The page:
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Atis Rezistans: the Sculptors of Grand Rue

Grand Rue is the main avenue that runs a north-south swathe through downtown Port au Prince from Bel Air and La Saline to La Cimetière and Carrefour. At the southern end of Grand Rue, amongst the labyrinthine warren of back streets that line the avenue, is an area that traditionally has produced small handicrafts for the ever-diminishing tourism market. This close-knit community is hemmed in on all sides by the makeshift car repair district, which serves as both graveyard and salvation for the cities increasingly decrepit automobiles.

The artists Celeur and Eugène both grew up in this atmosphere of junkyard make-do, survivalist recycling and artistic endeavour. Their powerful sculptural collages of engine manifolds, TV sets, wheel hubcaps and discarded lumber have transformed the detritus of a failing economy into bold, radical and warped sculptures. Their work references their shared African & Haitian cultural heritage, a dystopian sci-fi view of the future and the positive transformative act of assemblage.
The artists from Grand Rue are extending the historical legacy of assemblage to the majority world. Their use of the readymade components are driven by economic necessity combined with creative vision and cultural continuity. Their work is transformative on many different allegorical levels, the transformation of wreckage to art, of disunity to harmony and of three young men, with no formal arts training, to the new heirs of a radical and challenging arts practice that has reached down through both modernist and post-modern arts practice.

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Jean Hérard Celeur

Jean Hérard Celeur was trained as a sculptor by his brother. At first he was involved in more traditional sculpture but gradually his work became more subjective. His most powerful piece to date is in the permanent collection of the Frost Art Museum. The work evokes the horsemen of the Apocalypse, three skulls crown three skeletal equine contraptions made from motor-bike chassis’, the central figure thrusting a massive thick wooden carved phallus. The piece is bristling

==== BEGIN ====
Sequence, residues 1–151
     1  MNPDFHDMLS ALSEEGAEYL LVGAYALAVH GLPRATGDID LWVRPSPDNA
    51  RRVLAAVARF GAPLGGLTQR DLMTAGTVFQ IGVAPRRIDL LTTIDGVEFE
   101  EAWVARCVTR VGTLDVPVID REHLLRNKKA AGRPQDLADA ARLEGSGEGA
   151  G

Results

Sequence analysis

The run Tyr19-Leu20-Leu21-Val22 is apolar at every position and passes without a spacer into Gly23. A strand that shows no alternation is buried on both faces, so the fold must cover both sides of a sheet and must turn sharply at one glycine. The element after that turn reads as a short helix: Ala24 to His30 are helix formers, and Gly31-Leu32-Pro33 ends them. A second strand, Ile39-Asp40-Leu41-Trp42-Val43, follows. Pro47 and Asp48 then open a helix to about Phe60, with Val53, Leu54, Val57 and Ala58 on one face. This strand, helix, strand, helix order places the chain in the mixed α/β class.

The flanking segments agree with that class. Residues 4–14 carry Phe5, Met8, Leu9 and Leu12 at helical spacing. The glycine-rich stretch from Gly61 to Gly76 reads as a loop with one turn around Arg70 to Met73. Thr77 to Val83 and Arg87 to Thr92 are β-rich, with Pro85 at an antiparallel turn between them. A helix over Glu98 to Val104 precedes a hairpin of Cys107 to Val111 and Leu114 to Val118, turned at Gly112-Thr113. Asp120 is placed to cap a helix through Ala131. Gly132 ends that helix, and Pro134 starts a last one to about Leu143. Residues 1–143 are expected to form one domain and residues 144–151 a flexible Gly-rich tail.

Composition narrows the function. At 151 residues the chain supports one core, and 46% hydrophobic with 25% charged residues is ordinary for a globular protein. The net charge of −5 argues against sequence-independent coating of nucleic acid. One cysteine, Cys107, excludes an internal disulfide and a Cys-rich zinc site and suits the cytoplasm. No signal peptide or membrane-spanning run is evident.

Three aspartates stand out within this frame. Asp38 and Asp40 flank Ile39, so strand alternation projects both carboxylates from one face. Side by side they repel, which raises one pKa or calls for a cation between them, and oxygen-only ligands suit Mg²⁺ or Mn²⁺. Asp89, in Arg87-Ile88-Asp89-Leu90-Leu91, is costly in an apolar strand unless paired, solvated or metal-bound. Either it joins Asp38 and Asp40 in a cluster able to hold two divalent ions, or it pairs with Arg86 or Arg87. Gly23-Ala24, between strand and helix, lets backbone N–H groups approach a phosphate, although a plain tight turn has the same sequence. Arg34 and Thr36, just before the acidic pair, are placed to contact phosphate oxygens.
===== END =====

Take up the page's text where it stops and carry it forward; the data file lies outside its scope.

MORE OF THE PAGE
with menace, anger and a dark sexuality evoking the triple tragedies of AIDS, political oppression and poverty. ‘My work has social aspects, intellectual aspects and represents the people's
demands for change. I live in the reality that deals with poverty everyday which informs my work all the time.’

André Eugène

Eugène started out as a house builder, but influenced by the creative energy of his neighbourhood he started to learn traditional sculpting in wood. ‘There was always something happening in our neighbourhood with music, many sculptors and Vodou all around. This made me begin the life of an artist.’ Eugène’s work became increasingly influenced by contemporary Haitian artists such as Nasson. Eugène fused the fetish effigy with an apocalyptic MTV futuristic vision. Much of his work is figurative using human skulls for heads and imbued with a bold sense of irony, sexuality and humour. “It's usually always the bourgeoisie who own the galleries. But I wanted to have a gallery, not only a gallery, but it must be a museum. This is the reason why I have given the name 'E Pluribus Unum' Musee d'Art to my studio and yard.”

Jean Claude Saintilus

Claude started working with Andre Eugene in the mid 1990's and with 'Atis-Rezistans' in 2002. Most of his work is figurative and Vodou-laden. He has created an incredible structure dedicated to Gede in his yard which is half altar and part art installation. He represents the strongest blurring of boundaries between religion and art, citing the spirits as his biggest influence and inspiration. “My whole family is mystical. I asked the spirits that I could do work with my mind and be creative. They told me to do work that is mystic and so I can better understand the mystic. The mystic is an absolute truth. It exist, so therefore I love it.”
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